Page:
Cyber security: Your people are the key to keeping your business safe

Businesses have always been susceptible to fraud, and today’s fraudsters are taking things to a special level. Not only that, but their methods and approaches are changing all the time, making it difficult for organisations to stay up.


The pandemic hasn’t helped. Scammers are quick to require advantage of latest opportunities, and therefore the virus was a present . Phishing attacks using Covid-related messages rose by 600% and in at some point alone, Google intercepted 18 million emails trying to take advantage of our curiosity and concern about the pandemic.


Remote working has also given – and can still give – hackers and scammers an excellent opportunity to try to to more business. That’s because our habits change once we work from home. We not get the everyday psychological signals that put us during a ‘security first’ frame of mind – things like key passes to urge into the office, no signing in and out. No seeing people lock their laptops once they leave their desks, and no big warning signs about cyber security from IT.


Faced with the loss of those signals, we tend to be more relaxed reception . And hackers know this. Our wifi connections are less secure. We’re more likely to be distracted, and that we might not report worries as quickly as we might have wiped out the past.


Cyber security and remote working

What does this mean for organisations considering hybrid working? Essentially, it means you would like to try to to the maximum amount as you’ll to make sure your employees are taking cyber security seriously, wherever they’re performing from . Here, we share the highest five ways in which a hacker could get into your systems, and what you’ll do to undertake and stop them.


Risk 1: Mishandled company data

Your business is bound by the united kingdom equivalent of GDPR no matter where your employees are based. Personal email accounts are often easier to hack than organisational ones, and even a paper printout are often potentially damaging.


Make sure that employees don’t send company or customer data to their personal email accounts, or display it or print it out if they’re employing a shared co-working space.


Risk 2: Open wifi networks

Remote workers are likely to either be performing on their home wifi connection, or at a hot-desking space. If the wifi isn’t secure enough, hackers can easily access the laptops, tablets and phones using it.


Make sure that employees found out their home network with WPA2 (Wi-Fi Protected Access 2), a network security technology commonly used on wifi wireless networks and used on all wifi hardware since 2006, which encrypts data because it is transmitted.


It’s also an honest idea to recommend changing the default router password to something much stronger – preferably a password that’s a minimum of 15 characters and includes letters and special characters like *&^%$.



Risk 3: Control the hardware

Personal devices don’t tend to possess an equivalent level of security protection as company ones. So hackers are going to be trying to find people that are using their own devices. they’re easier to hack which means a much bigger , better return for the hacker.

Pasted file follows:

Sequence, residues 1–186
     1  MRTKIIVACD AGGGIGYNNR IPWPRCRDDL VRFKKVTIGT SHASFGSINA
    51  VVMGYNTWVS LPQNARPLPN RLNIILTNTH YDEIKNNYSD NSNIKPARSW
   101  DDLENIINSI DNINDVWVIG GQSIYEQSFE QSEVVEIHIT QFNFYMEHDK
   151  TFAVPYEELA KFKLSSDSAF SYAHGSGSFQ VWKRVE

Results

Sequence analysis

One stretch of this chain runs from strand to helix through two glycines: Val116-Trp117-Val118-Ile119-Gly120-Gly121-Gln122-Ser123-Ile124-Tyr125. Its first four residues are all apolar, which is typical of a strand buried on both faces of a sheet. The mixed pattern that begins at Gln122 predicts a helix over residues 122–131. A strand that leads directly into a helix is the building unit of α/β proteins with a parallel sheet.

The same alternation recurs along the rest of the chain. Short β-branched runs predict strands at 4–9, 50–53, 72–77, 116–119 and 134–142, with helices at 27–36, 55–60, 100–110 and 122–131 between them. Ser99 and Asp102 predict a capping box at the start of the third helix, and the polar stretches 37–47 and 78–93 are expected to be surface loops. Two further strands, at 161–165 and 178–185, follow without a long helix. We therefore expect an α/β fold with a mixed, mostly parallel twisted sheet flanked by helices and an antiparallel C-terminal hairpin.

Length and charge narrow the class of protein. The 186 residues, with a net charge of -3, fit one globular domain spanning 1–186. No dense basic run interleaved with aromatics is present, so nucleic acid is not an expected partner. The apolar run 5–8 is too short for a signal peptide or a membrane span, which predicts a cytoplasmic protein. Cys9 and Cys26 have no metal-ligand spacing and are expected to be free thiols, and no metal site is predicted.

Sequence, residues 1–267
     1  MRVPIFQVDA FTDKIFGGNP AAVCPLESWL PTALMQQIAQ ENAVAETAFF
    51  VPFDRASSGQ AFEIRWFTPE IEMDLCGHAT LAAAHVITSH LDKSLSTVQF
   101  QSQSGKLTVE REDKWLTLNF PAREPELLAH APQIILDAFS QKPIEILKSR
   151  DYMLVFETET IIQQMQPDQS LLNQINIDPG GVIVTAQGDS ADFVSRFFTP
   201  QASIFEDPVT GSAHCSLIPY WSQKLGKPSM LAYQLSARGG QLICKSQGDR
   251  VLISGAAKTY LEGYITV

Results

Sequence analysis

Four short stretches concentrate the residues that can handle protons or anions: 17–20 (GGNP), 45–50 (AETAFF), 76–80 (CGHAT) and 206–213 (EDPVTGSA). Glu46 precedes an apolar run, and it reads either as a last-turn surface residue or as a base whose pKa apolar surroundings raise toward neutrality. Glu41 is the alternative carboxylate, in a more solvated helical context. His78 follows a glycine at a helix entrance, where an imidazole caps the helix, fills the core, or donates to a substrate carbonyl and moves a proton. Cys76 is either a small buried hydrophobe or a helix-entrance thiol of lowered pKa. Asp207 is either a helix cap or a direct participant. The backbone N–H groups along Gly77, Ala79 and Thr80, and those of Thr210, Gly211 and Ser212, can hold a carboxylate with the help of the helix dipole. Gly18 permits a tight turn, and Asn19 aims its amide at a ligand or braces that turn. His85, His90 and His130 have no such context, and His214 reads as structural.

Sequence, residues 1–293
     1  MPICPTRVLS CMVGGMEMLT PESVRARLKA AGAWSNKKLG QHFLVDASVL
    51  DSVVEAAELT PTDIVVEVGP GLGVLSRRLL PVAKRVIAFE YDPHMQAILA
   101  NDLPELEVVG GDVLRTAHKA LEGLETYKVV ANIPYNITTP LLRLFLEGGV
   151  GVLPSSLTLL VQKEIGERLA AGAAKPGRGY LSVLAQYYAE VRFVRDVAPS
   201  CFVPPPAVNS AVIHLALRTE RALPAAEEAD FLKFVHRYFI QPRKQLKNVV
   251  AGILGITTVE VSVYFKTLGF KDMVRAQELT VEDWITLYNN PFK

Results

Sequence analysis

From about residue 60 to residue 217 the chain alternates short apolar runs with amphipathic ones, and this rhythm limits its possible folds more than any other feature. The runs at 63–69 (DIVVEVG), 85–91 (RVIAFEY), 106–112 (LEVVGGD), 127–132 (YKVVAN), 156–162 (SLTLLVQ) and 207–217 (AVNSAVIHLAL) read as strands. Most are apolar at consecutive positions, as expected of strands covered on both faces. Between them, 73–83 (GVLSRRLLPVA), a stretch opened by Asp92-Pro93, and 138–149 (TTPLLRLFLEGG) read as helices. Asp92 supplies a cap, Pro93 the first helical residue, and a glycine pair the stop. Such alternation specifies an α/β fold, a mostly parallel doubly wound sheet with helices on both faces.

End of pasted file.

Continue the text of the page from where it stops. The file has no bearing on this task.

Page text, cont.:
Make sure that, wherever you’ll , you provide the devices that your employees use, which those devices have the simplest possible protection on them. Abandon any Bring Your Own Devices policies if you’ll .


Risk 4: Cyber security gets forgotten

As we’ve said already, the traditional cues for cyber-secure behaviour don’t exist reception . this suggests people tend to be more relaxed – which presents a true opportunity for a scammer.


Make sure that you simply send regular messages – via emails, team video meetings and training – to stay cyber security front of mind. Get your people into the habit of checking anything unexpected, from email attachments to text messages, in order that you’re keeping vigilance levels high.


Risk 5: People don’t know what to seem for

“It will never happen to me” is that the initiative towards cyber disaster. Clicking on a phishing link or opening a seemingly innocent attachment takes but a second, and we’re all in danger of doing it. Scams are sophisticated and appearance authentic – that’s why they work.


Make sure your people know what to seem out for. And quite that, confirm they need the proper behaviour towards potential cyber scams, in order that working safely becomes a habit, not an exception.
The importance of employee vigilance

It really doesn’t matter how you’re getting to add the longer term . Wherever they’re based, your people might be the target of a cyber scam. As long because the scams still work and still make money for hackers – and hackers make millions from their activities – it remains vital that folks have the tools and behaviours they have to identify potential issues and protect both their individual and their organisation’s data.


Flexible working is here to remain , and while that creates your organisation potentially more susceptible to cyberattack, you ought to still see it as a chance . Just confirm that you simply give cyber security the time and a spotlight it deserves – which means listening to training your people also as ensuring your IT systems are secure.


Remember, around 90% of successful attacks are right down to human error. now’s the right time for organisations to try to to what they will to avoid being a part of that statistics.

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